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Old 11-22-2009, 02:58 AM   #1
Luxobumbrata
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Could you please recommend a Linux distribution for me?


Hello all!

Sorry if this question has been over-asked, but I'd kind of like personal input.

Anyway, since I've used/owned a computer, it has been with Microsoft Windows. Then, I discovered Linux. Most specifically, Ubuntu. I'm particularly fascinated by the fact that Linux is so much more customizable than windows. I look the look and feel of the graphical user interface that Ubuntu has. The only thing that's keeping me from switching is the fact there are some vital things thaw Linux cant do. most important being the lack of support for Itunes. I've played with the live CD and the wubi installation of ubuntu, and probably learned more than I should as a beginner, like about the su and sudo commands, with only a surface understanding.

Knowing that I cant quite install a form of Linux yet, i did a lot of research instead.

As such, I've figured out that Linux itself is not an operating system, but the name of the central component that makes up the distributions of it. (A kernel?) I've also found out that there are many distributions of Linux. I'm going to guess that the first distro that pops into your head is Linux Mint. for some reason, I don't overly like it.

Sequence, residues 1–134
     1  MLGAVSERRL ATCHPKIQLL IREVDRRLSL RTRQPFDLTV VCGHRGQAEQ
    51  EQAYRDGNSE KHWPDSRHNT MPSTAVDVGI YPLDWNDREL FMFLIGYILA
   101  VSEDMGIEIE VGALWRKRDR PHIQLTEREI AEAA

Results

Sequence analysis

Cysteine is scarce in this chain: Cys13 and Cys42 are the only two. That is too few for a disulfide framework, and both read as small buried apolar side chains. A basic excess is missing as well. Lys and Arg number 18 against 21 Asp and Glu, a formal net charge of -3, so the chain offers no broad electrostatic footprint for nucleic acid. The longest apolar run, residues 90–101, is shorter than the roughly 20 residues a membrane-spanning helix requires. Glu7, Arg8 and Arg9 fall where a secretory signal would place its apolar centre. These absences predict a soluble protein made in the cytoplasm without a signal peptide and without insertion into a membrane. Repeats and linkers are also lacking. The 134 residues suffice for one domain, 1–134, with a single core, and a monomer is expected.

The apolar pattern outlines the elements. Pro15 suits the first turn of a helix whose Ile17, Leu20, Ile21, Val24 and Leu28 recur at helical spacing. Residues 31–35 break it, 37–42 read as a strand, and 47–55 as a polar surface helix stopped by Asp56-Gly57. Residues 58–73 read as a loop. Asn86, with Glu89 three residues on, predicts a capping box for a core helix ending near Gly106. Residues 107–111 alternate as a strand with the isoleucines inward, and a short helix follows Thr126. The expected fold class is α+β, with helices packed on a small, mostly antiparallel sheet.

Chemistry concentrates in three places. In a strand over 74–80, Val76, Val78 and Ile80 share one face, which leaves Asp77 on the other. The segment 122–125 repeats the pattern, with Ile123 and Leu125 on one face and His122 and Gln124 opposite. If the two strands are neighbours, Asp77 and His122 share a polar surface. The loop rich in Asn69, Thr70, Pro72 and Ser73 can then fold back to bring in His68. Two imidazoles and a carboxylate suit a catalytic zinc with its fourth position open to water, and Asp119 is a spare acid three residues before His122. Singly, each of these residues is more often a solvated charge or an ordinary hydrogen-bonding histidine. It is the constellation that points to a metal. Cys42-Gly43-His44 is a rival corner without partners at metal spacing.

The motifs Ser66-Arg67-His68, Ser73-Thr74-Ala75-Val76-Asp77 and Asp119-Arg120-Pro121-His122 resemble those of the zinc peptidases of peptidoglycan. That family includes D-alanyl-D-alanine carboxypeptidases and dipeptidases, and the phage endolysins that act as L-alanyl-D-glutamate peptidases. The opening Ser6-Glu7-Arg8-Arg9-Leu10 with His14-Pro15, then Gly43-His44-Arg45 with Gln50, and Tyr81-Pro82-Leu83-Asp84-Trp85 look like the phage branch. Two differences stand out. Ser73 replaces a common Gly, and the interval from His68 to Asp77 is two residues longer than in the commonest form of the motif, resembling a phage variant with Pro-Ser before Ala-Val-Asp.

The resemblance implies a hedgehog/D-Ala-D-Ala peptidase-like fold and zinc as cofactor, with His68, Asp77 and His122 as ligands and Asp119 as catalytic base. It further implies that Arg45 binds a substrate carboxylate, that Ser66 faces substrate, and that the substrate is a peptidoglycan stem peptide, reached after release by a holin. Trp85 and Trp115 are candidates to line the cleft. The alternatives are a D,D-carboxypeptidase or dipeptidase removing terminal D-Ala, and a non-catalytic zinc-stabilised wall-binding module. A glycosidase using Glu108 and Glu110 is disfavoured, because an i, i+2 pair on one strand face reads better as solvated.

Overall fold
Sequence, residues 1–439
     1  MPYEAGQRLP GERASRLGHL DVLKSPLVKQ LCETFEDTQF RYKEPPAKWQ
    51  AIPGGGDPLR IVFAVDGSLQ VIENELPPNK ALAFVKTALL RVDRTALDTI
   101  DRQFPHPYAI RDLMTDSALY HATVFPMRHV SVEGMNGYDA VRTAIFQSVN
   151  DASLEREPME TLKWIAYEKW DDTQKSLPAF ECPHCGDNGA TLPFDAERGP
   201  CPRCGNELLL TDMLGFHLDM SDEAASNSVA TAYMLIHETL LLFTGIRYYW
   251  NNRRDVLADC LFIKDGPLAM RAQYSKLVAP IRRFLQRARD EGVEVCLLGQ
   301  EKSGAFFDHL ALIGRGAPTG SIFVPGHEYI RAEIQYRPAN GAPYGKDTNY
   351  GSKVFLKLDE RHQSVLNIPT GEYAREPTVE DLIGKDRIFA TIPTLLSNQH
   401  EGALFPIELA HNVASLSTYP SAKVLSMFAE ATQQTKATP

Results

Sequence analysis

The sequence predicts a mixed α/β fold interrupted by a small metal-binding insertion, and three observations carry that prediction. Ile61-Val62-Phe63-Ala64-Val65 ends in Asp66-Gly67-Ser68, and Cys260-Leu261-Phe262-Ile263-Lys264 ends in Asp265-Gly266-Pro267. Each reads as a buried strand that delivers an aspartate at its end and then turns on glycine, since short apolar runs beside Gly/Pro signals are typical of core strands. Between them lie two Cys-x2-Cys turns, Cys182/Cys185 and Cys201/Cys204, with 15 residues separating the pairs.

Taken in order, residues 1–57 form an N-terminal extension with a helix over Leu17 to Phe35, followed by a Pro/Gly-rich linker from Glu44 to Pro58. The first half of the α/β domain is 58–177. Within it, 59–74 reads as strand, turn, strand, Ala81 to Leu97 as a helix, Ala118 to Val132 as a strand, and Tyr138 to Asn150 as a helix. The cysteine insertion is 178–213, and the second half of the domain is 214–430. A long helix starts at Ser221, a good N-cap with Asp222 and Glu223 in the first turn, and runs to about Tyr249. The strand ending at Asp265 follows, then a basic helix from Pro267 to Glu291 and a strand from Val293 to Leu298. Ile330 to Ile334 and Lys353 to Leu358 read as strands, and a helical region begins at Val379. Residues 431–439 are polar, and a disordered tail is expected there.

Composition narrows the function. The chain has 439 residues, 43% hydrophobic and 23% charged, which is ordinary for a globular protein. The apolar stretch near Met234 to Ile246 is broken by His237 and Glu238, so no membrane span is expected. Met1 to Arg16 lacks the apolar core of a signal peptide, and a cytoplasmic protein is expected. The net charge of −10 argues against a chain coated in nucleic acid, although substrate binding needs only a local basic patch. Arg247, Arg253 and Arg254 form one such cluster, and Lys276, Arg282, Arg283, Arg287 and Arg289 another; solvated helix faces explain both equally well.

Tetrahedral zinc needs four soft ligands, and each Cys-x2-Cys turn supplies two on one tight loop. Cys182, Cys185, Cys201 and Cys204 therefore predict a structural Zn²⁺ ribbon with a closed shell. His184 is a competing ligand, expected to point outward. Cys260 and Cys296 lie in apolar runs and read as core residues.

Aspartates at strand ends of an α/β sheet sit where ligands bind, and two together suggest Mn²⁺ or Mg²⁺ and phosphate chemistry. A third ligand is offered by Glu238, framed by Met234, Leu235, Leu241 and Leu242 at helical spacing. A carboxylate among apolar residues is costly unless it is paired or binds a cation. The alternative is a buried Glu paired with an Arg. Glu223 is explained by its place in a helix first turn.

I know my way pretty well around computers. I'm somewhat of an enthusiast. However, although I'm not ABSOLUTELY new to Linux, I may as well be. (~2 weeks)

I plan on dual-booting Windows vista and (Distro of choice)
I plan on using Linux on my Compaq F700 series laptop. Here are the stats:

Processor: AMD Turion64 (X2?) 1/9Ghz
Hard drive: 160 G
Memory (RAM?) Maximum = 2000 MB
Graphics: NVIDIA GeForce 700M/nForce 610M
Optical Drive: Optaric DVD RW

Then, there are a couple of specifications about the distro I might like:
Take in mind that I'm a first year high school student, and work with a lot of media. (sound/audio/video/pictures/music and respective editing)
I'm guessing that the distro won't come with the tools for me, so I'll have to hunt them down. EEK! how would i do that! And than I'm guessing I'd have to hunt down a lot of codecs and drivers, which created a bit of a sense of panic for me. As i've used windows my entire computer life, I NEED a distro with a graphical user interface, but I'd also take tome to learn the terminal.

Sorry, but I've created this very scatterbrained. There's probably something vital that I've forgotten to mention. If so, please ask!

Thanks so much for reading this! Even more if you have an answer!!!!
 
Old 11-22-2009, 03:57 AM   #2
repo
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Welcome to LQ
A good start would be to go to
http://distrowatch.com/
and do some reading
Most distro's in the top 10 will fit your needs.

Good luck
 
Old 11-22-2009, 04:00 AM   #3
bigrigdriver
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Point you favorite browser at distrowatch.com. When the page is loaded, scroll down a bit. On the right hand side, you will see the top 100 distros. The top 20 are probably the ones to concentrate on.